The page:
In the current study, Dr. Malik and colleagues hypothesized that the ability of a transcription factor to reconfigure chromatin (the complex of macromolecules composed of DNA, RNA, and protein, which is found inside the nucleus of eukaryotic cells), is one of the features that distinguishes a reprogramming competent transcription factor from a non-competent one (Fig. 2). To test this hypothesis, they studied the well-established OCT4-SOX2 relationship from initiation to maintenance of pluripotency. They performed their study by comparing DNA-accessibility, DNA-binding,  and transcriptional control by OCT4, OCT6 and an OCT4 mutant that does not interact with SOX2 (OCT4defSOX2) during early, mid and late phases of cell reprogramming. What makes this study particularly interesting is the fact that a previous study by the same group has shown that OCT4 naturally interacts with SOX2 to induce pluripotency, whereas OCT6 can only induce pluripotency when OCT6 was mutated to enhance its interaction with SOX2. Dr. Malik’s current study focuses on the mechanisms by which the above-mentioned transcription factors interact with chromatin and in turn bind to the transcription factor binding sites on the genes that are involved in processes from the initiation to maintenance of induced pluripotency.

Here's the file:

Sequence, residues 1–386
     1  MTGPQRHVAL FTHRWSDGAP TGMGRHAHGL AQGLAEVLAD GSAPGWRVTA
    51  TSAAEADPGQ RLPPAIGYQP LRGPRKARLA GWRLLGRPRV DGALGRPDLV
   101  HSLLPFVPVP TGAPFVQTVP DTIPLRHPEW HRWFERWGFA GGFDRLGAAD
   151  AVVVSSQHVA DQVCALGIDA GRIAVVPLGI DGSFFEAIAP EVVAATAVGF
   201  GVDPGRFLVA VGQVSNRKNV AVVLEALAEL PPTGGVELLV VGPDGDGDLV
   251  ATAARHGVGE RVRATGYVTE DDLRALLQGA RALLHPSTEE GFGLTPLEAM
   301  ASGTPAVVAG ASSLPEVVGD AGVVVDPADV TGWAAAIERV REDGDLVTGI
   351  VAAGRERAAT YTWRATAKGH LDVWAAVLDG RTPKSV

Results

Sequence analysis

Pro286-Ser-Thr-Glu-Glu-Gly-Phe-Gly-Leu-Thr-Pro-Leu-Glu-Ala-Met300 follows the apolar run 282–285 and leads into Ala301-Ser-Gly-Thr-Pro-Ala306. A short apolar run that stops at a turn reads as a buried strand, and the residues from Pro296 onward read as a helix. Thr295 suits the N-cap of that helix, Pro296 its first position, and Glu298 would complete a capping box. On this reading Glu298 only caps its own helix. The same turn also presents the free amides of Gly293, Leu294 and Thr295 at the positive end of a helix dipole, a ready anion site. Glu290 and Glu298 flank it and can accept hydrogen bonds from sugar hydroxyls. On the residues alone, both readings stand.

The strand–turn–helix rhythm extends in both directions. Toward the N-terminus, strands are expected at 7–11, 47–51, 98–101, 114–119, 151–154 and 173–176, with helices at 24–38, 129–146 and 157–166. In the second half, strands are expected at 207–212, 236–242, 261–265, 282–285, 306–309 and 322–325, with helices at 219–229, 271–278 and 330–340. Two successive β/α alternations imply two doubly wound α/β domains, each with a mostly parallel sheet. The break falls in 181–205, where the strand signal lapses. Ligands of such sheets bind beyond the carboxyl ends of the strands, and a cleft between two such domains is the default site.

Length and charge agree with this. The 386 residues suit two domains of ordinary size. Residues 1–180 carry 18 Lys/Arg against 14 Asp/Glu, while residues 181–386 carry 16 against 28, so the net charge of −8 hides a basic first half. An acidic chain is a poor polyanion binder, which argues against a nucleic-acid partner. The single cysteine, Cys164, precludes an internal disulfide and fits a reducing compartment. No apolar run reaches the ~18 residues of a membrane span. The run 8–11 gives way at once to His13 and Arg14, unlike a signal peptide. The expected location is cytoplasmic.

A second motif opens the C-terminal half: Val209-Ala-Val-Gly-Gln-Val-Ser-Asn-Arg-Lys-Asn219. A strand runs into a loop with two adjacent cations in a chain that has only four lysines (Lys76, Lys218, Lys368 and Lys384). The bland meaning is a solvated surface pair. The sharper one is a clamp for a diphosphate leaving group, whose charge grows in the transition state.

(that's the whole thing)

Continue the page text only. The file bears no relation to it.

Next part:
Fig. 2. Depiction of chromatin remodeling by competent vs non-competent transcription factors. Opening up the chromatin by competent transcription factors and making transcription factor binding sites accessible is required to induce pluripotency. Failure to do so by non-competent transcription factors results in a failure to induce pluripotency. Illustration created with BioRender.com.

From this study, the researchers found that OCT4, OCT6 and OCT4defSOX2 have unique transcription factor binding sites on the pluripotency-related genes which could explain why substituting OCT4 with related transcription factors does not activate these genes. The results from this study challenge previously established roles for OCT4 in driving pluripotency. Dr. Malik and colleagues have identified distinct modes of chromatin interaction and roles for SOX2 and OCT4 during initiation, progression and maintenance of pluripotency. They found SOX2 to be a better facilitator of chromatin opening and initiator of pluripotency compared to OCT4. Once the cells have been initiated towards pluripotency, OCT4-SOX2 binding is required to see the process through and once the cells are pluripotent OCT4-SOX2 binding becomes less essential. The most important role of OCT4, they found, was to maintain the cells in a pluripotent state as opposed to its previously investigated role as an initiator of pluripotency. 

The results from this study contribute new insights to a rapidly progressing field. Identifying the roles of key factors during the stages of reprogramming would add vital pieces of information to the big puzzle of cellular reprogramming. These pieces of information would considerably enhance the use of stem cells as potential therapeutic candidates for a number of diseases .

Dr. Vikas Malik is a Postdoctoral Research Fellow in Dr. Jianlong Wang’s lab in the Department of Medicine at Columbia University Medical Center and is a member of CUPS and the Outreach and Communications Committee.